Who has the edge?: Overall, Arizona. Miller does a good job of rotating in Jamelle Horne, Parrom and Lavender at most opportune times it seems. That trio has more experience and clutch performances than UCLA’s most-used threesome off the bench. Remember when you once cringed when Horne attempted a three-pointer? Does anybody really care now that Horne has made more three-pointers (10) than field goals inside the arc (six) during conference games? Conference opponents now have to respect his ability to shoot from three-point range, where he is making 52.6 percent of his attempts (10 of 19). Mind-boggling stat: Horne, Hill and Williams — wing and power forward types — have combined to make 21 of 34 three-point attempts (61.8) in Pac-10 games. That versatility makes Arizona a dangerous team to defend inside and out.
Two of the most tireless recruiters in the league — Howland and Miller — figure to keep UCLA and Arizona on top of the Pac-10 standings for quite a while. That means Howland and Miller should develop the same kind of rivalry that Mike Montgomery and Lute Olson experienced. It also means the rebirth of the UCLA-Arizona rivalry is upon us. Howland heard some catcalls for his job earlier this season when the Bruins started 3-4 after endurig a four-game losing streak, including an embarrassing loss to Montana at Pauley Pavilion. The criticism comes with the territory for a coach who has turned out an abundance of NBA talent and won three Pac-10 titles in his first five seasons in Westwood. UCLA responded after the four-game skid to win six straight, including a victory over BYU and Jimmer Fredette in Anaheim. Howland has edge over Miller in terms of overall success (three Final Fours) but Howland should keep a good look over his shoulder.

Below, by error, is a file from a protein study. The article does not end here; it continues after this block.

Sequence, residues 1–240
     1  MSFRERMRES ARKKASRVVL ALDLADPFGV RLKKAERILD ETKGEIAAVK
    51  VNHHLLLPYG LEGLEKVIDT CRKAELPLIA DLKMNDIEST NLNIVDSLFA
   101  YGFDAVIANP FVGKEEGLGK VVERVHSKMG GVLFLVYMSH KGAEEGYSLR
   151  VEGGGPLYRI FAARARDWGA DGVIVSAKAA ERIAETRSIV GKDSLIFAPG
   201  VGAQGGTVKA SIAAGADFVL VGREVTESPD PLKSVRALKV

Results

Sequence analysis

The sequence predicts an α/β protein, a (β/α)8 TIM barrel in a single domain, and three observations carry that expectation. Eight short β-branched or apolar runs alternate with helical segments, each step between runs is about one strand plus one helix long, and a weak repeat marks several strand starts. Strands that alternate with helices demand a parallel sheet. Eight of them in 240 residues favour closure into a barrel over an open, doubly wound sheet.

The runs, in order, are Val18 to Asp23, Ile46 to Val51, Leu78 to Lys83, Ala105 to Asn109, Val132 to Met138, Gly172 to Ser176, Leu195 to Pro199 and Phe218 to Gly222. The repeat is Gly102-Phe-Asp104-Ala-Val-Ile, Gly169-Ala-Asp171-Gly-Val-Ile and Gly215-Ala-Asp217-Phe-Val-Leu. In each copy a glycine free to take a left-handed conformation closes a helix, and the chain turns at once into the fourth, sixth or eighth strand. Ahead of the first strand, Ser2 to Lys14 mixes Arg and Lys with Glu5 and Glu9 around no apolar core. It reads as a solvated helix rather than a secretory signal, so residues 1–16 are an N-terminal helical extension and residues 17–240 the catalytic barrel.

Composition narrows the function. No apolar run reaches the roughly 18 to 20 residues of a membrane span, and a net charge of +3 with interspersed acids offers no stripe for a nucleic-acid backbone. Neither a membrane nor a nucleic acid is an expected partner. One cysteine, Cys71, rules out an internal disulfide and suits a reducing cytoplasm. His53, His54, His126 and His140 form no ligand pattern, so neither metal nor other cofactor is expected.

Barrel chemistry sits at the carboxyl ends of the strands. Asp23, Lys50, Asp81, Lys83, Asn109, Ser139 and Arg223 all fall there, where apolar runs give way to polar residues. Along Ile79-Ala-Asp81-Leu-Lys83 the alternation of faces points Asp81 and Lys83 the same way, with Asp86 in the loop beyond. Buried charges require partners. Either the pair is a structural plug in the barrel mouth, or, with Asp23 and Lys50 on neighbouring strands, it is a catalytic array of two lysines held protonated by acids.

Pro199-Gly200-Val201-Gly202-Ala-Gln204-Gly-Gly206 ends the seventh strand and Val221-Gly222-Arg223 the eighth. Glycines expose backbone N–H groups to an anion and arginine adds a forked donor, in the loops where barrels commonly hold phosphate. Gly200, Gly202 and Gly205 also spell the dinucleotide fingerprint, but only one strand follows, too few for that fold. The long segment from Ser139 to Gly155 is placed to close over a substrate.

Thanks to UA’s fortuitous win over Wazzu on Saturday, my weekend was also not lost after picking Arizona to upset Washington in the Thursday game. UCLA may not play Nelson and Smith in this game, but I believe the Wildcats would present a difficult challenge at home against the Bruins if they play. The students are back in town, it’s UCLA and ESPN2 is telecasting the game live. All that’s missing is Dick Vitale, but the well-informed Jay Bilas will do just fine. This Arizona team feeds off the McKale crowd as much as any I can remember and the arena should be buzzing. The Wildcats are 11-0 at home this season. Williams’ versatility creates matchup problems against a UCLA frontcourt without much depth. Arizona by 7.
WildAboutAZCats.com and another partner — SteveRiveraVentures.com — have a promotion this season with Tino’s Pizza in Tucson. During any UA men’s hoops game, order any large pizza (dine-in or carryout) get a discount of $2. Tino’s Pizza was voted as the Best Eastside Pizzeria by the Tucson Weekly last year. If you take advantage of this opportunity at Tino’s save your receipt and mail it to: TINO’S PIZZA / WILDABOUTAZCATS.COM CHALLENGE, c/o Javier Morales, P.O. Box 531418, Henderson, NV 89053 (include your full name, address and phone number). The person who spends the most during this promotion over the UA’s 18-game Pac-10 schedule wins a free Lute Olson-autographed “UA Basketball Vault” book (valued at $50)